“Indian cuisine is a festival for the senses —aromatic and appetising. The way it is assembled, the way we eat, and the way we spice it up is all done to help the body, to make it feel better. Secondly, Indian cuisine practises smart food combinations: there is a clear distinction of which foods are incompatible when eaten together and why. For example, mixing milk and sour fruits is not ideal for digestion, so it is better avoided. Similarly, there are multiple smart combos—the dal-chawal combination delivers complete good quality protein. Finally, the huge variety of options Indian cuisine offers is unparalleled; it’ll never let you get bored,” she adds.
The basic ingredients of Indian food are grains, vegetables, beans, and yogurt accented with meat or fish, and their combinations make a balanced thali, says Kavita.
“It encourages seasonal eating. When we eat food that is fresh and locally harvested, the flavours are intact and nutrients are optimum. Finally, I feel it is easy to be a vegetarian with Indian cuisine. With the wide range of vegetables and lentil dishes there are in all regional repertoires, you won’t miss meat for a single second. And staying majorly vegetarian I believe is actually the right way to eat, in order to stay healthy in the long run. I usually advocate a 70:30 veg:non-veg ratio, which is very easy to achieve with Indian cuisine,” she adds.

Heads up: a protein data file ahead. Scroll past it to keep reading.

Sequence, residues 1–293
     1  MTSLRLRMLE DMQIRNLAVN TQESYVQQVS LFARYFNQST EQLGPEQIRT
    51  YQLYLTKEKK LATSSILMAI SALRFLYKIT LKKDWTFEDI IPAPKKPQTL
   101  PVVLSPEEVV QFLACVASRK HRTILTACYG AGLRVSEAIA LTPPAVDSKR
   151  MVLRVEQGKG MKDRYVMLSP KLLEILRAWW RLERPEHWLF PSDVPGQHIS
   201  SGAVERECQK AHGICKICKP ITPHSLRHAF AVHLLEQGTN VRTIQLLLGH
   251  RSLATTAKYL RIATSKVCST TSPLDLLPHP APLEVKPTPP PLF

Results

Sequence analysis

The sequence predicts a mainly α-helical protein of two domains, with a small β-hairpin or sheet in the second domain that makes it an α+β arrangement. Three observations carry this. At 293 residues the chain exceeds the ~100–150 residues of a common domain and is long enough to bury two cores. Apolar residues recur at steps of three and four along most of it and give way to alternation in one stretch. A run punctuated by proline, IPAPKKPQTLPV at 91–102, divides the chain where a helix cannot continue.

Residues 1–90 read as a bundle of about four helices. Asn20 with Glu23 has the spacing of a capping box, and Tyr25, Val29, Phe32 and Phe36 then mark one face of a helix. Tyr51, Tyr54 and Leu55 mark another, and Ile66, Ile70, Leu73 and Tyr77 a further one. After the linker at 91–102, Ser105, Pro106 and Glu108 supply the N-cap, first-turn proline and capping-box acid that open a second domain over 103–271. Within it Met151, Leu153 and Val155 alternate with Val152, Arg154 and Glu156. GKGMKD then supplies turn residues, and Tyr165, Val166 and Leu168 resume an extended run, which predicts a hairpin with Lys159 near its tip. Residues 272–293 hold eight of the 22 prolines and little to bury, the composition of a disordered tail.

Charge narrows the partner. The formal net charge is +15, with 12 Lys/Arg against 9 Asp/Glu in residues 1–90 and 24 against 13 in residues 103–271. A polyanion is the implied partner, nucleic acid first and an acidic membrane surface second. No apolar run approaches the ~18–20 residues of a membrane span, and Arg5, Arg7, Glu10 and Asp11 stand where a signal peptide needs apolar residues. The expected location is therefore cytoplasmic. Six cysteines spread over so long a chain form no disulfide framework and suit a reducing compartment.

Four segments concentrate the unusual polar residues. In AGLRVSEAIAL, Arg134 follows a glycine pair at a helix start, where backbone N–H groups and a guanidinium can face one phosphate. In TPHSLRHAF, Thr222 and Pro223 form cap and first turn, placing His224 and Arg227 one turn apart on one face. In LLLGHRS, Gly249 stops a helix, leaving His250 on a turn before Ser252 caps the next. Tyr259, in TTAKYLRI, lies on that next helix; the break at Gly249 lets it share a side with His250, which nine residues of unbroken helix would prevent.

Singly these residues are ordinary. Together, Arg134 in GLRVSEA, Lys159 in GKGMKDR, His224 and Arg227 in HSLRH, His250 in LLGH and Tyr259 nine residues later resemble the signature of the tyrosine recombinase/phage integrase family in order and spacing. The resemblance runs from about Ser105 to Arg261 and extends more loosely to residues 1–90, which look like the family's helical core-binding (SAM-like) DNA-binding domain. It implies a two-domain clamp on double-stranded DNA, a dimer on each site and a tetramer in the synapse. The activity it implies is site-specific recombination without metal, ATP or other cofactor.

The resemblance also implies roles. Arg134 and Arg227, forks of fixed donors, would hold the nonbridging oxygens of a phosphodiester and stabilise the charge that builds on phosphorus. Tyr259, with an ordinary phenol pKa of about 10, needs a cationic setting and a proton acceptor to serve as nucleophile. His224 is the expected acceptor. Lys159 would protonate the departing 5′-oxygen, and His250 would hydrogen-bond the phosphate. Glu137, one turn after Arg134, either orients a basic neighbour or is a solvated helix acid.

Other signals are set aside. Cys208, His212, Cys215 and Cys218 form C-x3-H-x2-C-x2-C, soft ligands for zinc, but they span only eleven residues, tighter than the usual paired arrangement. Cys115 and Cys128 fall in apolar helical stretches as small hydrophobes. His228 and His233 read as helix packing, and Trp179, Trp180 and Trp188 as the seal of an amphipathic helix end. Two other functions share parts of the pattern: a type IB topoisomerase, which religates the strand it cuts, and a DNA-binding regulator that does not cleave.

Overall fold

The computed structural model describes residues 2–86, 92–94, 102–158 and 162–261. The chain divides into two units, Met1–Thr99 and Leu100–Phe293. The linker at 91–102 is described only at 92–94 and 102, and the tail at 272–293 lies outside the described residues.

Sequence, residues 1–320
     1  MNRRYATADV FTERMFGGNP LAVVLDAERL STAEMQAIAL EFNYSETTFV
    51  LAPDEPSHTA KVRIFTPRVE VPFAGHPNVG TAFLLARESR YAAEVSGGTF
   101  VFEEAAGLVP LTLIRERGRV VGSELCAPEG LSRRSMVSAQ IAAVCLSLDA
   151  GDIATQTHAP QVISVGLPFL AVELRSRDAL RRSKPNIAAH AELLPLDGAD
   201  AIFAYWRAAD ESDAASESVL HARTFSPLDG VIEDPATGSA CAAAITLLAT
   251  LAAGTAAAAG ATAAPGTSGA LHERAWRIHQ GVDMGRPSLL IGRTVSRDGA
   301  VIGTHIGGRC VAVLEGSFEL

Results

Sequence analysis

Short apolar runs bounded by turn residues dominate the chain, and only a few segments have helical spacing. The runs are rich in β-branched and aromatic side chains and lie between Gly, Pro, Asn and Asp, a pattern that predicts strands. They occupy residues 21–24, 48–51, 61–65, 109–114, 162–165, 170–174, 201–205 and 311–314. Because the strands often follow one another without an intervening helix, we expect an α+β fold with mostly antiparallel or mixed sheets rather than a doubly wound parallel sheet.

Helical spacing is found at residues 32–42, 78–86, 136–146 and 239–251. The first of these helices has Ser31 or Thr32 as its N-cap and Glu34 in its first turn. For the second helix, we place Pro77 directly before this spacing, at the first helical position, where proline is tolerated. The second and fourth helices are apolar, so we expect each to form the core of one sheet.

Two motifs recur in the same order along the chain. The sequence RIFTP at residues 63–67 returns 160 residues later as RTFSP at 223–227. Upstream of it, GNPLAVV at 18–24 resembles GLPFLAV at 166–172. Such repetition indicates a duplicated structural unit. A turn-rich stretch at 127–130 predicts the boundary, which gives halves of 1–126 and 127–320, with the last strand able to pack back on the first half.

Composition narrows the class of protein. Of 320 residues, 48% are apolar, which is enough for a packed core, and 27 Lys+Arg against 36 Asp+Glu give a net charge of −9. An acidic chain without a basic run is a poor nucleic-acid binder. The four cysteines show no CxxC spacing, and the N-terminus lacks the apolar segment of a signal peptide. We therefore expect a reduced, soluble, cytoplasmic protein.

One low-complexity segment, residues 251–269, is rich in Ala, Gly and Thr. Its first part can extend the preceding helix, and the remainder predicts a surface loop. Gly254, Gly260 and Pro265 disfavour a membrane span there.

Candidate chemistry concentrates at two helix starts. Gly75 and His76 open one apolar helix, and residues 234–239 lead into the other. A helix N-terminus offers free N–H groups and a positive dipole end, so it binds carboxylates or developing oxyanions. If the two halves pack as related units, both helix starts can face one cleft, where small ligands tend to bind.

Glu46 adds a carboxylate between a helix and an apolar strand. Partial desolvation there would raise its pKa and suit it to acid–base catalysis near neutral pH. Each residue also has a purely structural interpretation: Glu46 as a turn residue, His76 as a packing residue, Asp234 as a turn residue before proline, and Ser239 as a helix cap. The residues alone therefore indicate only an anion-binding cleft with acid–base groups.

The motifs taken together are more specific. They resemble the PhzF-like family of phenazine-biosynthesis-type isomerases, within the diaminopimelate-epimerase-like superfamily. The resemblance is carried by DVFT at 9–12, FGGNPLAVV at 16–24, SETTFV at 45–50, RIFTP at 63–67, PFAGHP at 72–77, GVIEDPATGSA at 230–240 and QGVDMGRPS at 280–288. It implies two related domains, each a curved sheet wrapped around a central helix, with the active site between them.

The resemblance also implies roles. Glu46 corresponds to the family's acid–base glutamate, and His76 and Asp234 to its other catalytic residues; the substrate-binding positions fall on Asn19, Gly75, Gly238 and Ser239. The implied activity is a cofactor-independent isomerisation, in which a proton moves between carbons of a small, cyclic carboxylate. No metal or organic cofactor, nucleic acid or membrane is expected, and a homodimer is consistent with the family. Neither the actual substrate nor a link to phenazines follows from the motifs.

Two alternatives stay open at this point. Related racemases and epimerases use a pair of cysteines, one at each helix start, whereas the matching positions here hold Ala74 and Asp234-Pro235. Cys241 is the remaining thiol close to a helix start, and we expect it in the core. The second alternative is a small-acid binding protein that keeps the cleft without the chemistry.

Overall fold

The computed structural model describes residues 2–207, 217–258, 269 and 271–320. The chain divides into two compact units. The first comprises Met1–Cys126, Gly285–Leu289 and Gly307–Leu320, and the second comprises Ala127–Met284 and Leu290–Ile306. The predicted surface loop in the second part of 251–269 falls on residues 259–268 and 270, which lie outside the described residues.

Slowly and steadily, people are starting to realise that the wisdom imparted by our grandparents was priceless! The lifestyle they led helped them not just to maintain optimum fitness levels, but also enhanced their longevity. Even if someone wants to embrace those hacks today, it is difficult to find the perfect starting point. But Kavita has all the answers!